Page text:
- Let the World Know: As strange as it sounds, key markets and companies are still largely unaware of the numerous alternatives to India and China. Thus, ensuring global visibility — especially in prime markets such as US and Europe — should be top priority. Branding that accentuates the region’s uniqueness can have a great impact. For example, the “Egypt On” campaign has been a big success as it highlights the fact that Egypt is ready and possesses everything that a company needs to set up operations in a plug and play manner.
- Bring in the Good Guys: To ensure momentum in growth, emerging destinations should encourage import of expert resources from established locations and target markets, especially if there are ex-pat’s who can be convinced to return home. This has a multiplier effect as these experts provide transfer of market and operational knowhow to locals and generate an exposure in the target market. Easing travel restrictions, offering tax incentives and special ex-pat packages are a good way to start. Inviting well-known industry evangelists (read consultants, analysts, etc) is also very effective in building goodwill and positive buzz.
- Look Within: A very effective way of catalyzing the outsourcing industry is to evangelize its benefits within the local market. This can be done by convincing domestic or multinational firms to outsource locally or “carve out“ their internal operations. Local service providers can be incentivized to build a domestic market. This “Think Global Act Local” approach can have a multi-pronged effect: Firstly, it improves the service levels within the region and develops local expertise; Secondly, it spurs domestic demand for services which keeps the outsourcing life cycle flourishing and acts as a magnet for global service providers as well as service buyers.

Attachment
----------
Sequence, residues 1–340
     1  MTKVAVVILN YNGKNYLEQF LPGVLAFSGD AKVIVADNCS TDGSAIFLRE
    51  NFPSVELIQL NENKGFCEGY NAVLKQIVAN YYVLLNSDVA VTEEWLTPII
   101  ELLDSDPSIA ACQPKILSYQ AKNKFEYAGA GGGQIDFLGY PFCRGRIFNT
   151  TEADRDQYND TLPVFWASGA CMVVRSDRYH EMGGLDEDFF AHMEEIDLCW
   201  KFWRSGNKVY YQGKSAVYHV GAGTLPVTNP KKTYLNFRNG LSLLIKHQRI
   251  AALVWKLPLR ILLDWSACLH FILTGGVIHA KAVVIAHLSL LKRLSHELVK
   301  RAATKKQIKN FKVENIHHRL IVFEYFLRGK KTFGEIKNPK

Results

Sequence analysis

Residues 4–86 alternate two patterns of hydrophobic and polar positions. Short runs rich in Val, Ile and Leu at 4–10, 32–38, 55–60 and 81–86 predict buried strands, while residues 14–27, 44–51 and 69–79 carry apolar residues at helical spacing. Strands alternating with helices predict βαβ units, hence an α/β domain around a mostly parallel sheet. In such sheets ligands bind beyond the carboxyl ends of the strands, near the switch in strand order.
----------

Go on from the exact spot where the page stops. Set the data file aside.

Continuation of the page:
To sum it up, emerging destinations have their work cut out, and a me-too strategy will not produce results in this hyper-charged arena. However, countries such as Costa Rica and Egypt have made the leap from Emerging to Surging in under 5 years and there is no reason that can not be replicated elsewhere. With the right combination of a globally attuned workforce, innovative government incentives, private sector ingenuity and some intelligent positioning, virtually anything is possible.
Anupam Govil, Chairman, Global Sourcing Forum + Expo, is a leading globalization advocate who has advised major corporations, outsourcing regions and service providers across Asia, Middle East, Europe, Latin and North America on optimizing offshore strategies and leveraging global delivery models. He is the founder and CEO of Global Equations, a leading Globalization Advisory firm providing Offshore strategy, sourcing and advisory services.